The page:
What’s for Dinner?

For the A to Z Blogging Challenge, I wrote on my fitness blog about dieting and healthy eating.

There’s a clear spiritual parallel for anyone who’s seeking God.

A writer at our writing group spoke about her experience hearing God more clearly when she turned off all the other constant inputs around her. No TV, no radio, no cable, no Internet (ok, maybe a short fast from the Internet)…

And suddenly she was able to find God in the midst of her circumstances.

Consider how often you see people with heads down, phone in hand, checking a text or tweet or status update, liking a friend’s comment or post or blog.

I’m standing in Wal-Mart on crutches, writing this on my phone. I’m one of them, one of (i)Pod People.

We have the world at our fingertips. This wealth of information is great, but it has risks. Autocorrect saw me accidentally type “unformation” and tried to fix it, but there’s a ring of truth to that mistake.

The media we’re consuming does little to help form us into our best. Like eating junk food because it’s there, we often mentally take in whatever is around us, even though we know it’s devoid of nutritious spiritual content.

No one goes without food without either serious challenging circumstances or without a determined decision. Food is essential, and we make sure we get what we need. If we’re pursuing a weight loss or fitness goal, we pay much closer attention to what we’re consuming.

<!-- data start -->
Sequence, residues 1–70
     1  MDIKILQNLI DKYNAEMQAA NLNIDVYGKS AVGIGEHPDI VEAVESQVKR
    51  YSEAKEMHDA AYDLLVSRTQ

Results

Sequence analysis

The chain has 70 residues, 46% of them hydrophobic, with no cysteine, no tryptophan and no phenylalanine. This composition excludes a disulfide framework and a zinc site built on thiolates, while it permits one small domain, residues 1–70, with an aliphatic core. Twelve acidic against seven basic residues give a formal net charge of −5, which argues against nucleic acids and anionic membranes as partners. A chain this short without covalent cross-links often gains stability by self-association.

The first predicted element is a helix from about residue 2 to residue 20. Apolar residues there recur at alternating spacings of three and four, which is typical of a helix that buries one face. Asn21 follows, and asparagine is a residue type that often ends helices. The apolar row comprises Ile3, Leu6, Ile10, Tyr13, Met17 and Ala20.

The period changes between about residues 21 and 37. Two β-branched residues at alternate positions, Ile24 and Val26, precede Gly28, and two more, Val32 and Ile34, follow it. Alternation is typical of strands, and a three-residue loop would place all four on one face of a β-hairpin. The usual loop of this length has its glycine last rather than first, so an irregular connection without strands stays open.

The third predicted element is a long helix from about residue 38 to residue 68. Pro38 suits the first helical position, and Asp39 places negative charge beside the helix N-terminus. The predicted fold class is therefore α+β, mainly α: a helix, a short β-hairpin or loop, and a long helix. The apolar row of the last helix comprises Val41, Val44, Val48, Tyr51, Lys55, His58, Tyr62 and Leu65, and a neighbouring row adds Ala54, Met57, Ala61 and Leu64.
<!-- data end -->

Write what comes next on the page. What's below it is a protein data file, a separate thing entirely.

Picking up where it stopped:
Those of us intent on chasing God, why would we pay our spiritual diet any less heed?

Summing it all up, friends, I’d say you’ll do best by filling your minds and meditating on things true, noble, reputable, authentic, compelling, gracious—the best, not the worst; the beautiful, not the ugly; things to praise, not things to curse. Put into practice what you learned from me, what you heard and saw and realized. Do that, and God, who makes everything work together, will work you into his most excellent harmonies. (Philippians 4:8, 9 MSG)


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